There’s a recognizable version of the hacker culture, but the population explosion of the 1990s never happened; it’s basically frozen in amber at about the stage when we were exchanging tiny source archives via USENET postings. There’s no Linux because there’s no net! Without cheap communications, the social engine needed to support large-scale open-source developments never spins up, and the open-source software catalog amounts to little more than a small range of toy programs. Spared the competitive pressure, proprietary operating systems and applications suck even worse.
The news isn’t all bad. There are still jobs for travel agents, and this future doesn’t have a spam problem; that may be the one single advantage of the provider oligopoly’s grip on online content. But compared to the Internet we have, the overall picture is pretty damn bleak.
If you think on-line advertising is obnoxious today, imagine what it would be like if the provider’s access software could shove whatever it chose at you at any time – no alternate browsers, no popup blockers, no escape. Hackers in this alternate history spend a lot of their time trying to write “universal” (cross-provider) clients with user-controlled filtering, but the providers view this as a threat to their business models and conduct an arms race, changing access protocols for greater ‘security’ as often as they can get their ordinary users to download client updates. Using a reverse-engineered client is a violation of your terms of service and can get your account canceled.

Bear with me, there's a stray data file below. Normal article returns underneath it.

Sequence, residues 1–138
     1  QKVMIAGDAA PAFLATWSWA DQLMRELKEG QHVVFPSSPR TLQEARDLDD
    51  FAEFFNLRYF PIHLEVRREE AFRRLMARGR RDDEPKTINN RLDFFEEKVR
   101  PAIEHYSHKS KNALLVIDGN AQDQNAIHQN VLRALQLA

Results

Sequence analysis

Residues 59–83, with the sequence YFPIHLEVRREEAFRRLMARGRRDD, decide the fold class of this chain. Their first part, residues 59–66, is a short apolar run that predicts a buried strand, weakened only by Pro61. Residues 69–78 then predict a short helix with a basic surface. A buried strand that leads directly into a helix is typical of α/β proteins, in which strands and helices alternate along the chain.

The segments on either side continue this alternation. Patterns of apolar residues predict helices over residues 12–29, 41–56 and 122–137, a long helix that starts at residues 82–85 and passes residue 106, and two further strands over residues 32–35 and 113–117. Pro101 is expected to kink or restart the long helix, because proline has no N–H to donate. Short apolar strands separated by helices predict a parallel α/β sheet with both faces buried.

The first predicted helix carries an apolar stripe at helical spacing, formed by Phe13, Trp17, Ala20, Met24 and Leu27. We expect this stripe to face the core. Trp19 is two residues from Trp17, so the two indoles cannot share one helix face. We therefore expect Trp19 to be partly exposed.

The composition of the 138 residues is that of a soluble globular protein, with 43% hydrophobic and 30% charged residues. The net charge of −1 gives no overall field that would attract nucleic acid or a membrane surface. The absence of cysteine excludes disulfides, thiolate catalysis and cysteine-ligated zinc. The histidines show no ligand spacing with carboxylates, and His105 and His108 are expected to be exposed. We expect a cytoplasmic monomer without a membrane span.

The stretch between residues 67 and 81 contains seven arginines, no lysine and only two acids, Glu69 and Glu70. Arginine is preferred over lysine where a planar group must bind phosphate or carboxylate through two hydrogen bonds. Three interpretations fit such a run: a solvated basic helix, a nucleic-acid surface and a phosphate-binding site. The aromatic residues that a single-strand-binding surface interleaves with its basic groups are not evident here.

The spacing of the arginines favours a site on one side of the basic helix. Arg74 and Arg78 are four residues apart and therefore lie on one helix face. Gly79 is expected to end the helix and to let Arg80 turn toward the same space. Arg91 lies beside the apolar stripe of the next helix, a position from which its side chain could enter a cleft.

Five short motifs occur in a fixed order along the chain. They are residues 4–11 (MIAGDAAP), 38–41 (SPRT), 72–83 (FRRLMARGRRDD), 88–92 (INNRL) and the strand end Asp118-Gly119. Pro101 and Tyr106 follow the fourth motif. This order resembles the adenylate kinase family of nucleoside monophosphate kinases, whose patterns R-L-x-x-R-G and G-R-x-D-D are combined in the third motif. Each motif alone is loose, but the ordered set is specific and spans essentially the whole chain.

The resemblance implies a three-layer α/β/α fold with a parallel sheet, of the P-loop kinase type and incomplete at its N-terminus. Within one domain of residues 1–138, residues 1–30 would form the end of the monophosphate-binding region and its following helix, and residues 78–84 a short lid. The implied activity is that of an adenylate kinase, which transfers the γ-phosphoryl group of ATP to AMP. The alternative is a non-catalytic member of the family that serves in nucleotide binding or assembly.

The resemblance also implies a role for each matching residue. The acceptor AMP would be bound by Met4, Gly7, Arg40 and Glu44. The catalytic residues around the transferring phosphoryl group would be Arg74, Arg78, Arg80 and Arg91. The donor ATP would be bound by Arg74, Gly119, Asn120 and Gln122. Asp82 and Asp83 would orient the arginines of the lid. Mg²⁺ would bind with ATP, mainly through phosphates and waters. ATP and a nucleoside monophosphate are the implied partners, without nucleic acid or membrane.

The few people trying to build more open public networks are widely dismissed as scruffy anarchists intent on creating havens for hate groups and child porn. But they’re doomed, anyway; the economic and technological base on which to erect their dreams simply doesn’t exist.
It could have been like this. The better outcome we got was not inevitable. Maybe, now,
you’ll appreciate it a little more than you have.
This entry was posted on Saturday, June 18th, 2011 at 6:46 pm and is filed under General. You can follow any responses to this entry through the RSS 2.0 feed. You can leave a response, or trackback from your own site.